said, he would beg to ask the First Lord of the Treasury, Who is to be the Secretary to the Commissioners under the Endowed Schools Act; what salary the Treasury proposes to give to the Commissioners and Secretary respectively; and, in the event of any of them holding another Crown appointment, whether such salary is to be in addition to, or included in, the remuneration at present received?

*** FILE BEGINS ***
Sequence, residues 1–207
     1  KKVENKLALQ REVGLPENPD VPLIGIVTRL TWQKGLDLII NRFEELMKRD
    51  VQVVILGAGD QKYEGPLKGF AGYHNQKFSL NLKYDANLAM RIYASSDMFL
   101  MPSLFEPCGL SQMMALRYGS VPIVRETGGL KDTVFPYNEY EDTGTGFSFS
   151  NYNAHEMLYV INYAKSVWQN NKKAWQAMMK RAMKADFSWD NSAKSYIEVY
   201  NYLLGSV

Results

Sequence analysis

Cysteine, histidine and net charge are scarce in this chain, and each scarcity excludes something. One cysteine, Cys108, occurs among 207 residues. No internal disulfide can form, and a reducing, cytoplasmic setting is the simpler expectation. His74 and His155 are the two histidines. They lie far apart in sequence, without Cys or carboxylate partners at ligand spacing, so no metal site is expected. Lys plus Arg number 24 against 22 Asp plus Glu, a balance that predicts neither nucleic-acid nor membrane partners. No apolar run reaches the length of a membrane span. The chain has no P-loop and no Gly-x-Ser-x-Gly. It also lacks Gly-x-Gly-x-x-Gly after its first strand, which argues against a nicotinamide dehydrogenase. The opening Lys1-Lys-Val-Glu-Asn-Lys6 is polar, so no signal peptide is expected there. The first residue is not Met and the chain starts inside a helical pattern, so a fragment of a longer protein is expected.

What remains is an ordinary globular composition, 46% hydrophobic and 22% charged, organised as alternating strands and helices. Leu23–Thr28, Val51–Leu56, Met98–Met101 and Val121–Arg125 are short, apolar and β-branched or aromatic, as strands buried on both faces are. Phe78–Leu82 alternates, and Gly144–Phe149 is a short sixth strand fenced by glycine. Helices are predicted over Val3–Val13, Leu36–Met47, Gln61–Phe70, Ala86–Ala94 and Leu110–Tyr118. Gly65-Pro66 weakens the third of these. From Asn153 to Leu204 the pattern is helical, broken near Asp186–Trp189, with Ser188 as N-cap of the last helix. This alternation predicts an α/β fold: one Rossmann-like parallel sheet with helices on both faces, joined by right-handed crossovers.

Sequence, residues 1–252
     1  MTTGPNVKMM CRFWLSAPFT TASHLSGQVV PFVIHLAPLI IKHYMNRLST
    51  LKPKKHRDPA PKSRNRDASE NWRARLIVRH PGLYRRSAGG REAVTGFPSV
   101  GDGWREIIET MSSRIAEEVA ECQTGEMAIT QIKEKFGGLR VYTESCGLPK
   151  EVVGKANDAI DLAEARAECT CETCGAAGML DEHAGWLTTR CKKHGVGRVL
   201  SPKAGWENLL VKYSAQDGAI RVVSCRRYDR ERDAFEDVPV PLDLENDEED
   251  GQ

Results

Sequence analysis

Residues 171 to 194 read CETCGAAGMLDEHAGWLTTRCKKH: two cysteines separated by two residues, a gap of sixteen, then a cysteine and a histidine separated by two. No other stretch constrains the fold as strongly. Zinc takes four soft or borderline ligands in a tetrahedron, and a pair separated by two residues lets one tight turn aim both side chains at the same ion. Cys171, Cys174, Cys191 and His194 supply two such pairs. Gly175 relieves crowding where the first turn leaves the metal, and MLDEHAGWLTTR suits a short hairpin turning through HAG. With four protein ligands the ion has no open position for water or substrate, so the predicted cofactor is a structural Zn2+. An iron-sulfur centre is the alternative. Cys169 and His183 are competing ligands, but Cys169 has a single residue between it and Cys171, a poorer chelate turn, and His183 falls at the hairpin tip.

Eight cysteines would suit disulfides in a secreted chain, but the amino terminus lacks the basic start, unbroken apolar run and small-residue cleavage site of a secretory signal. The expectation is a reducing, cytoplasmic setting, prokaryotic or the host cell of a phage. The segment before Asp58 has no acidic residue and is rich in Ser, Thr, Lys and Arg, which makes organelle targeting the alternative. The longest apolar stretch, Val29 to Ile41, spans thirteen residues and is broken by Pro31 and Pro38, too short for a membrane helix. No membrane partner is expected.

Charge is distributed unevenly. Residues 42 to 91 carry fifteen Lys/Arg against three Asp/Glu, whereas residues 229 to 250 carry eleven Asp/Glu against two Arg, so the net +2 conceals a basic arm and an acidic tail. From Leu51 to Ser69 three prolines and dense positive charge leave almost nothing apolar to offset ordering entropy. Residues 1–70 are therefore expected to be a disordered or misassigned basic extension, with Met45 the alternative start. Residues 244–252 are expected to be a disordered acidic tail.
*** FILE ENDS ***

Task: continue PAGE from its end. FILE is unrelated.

said, he was afraid that in meeting the demand of his hon. Friend he must do so under protest—that was to say, that it was not usual to communicate to Parliament the names of persons who might be appointed to assist the Commissioners in their inquiry before the Act relating to them was passed. It might, in many cases, be inconvenient to do so. There were, however, considerations of previous experience, skill, and knowledge, which plainly indicated the gentleman who, for the public advantage, should hold the 517 office of Secretary to the Commissioners in question. He had, therefore, no difficulty in naming the gentleman. He hoped that Mr. Roby, who had been formerly the Secretary of the Schools Inquiry, would accept that office with a salary of £1,000 a year. The Government anticipated great advantage to the Commission from his co-operation. In respect to the salaries of the Commissioners, Lord Lyttelton would be Chief Commissioner with a salary of £1,500 a year; Mr. Robinson, a Junior Commissioner, would receive £1,200 a year; and Mr. Hobhouse, though a Junior Commissioner also, yet being in the legal profession, and possessing high legal attainments, and his emoluments therefore, being governed by different considerations, would receive a salary of £2,000 a year. The Commissioners would not receive any other public emoluments, nor hold any other salaried office whatever in addition to their office.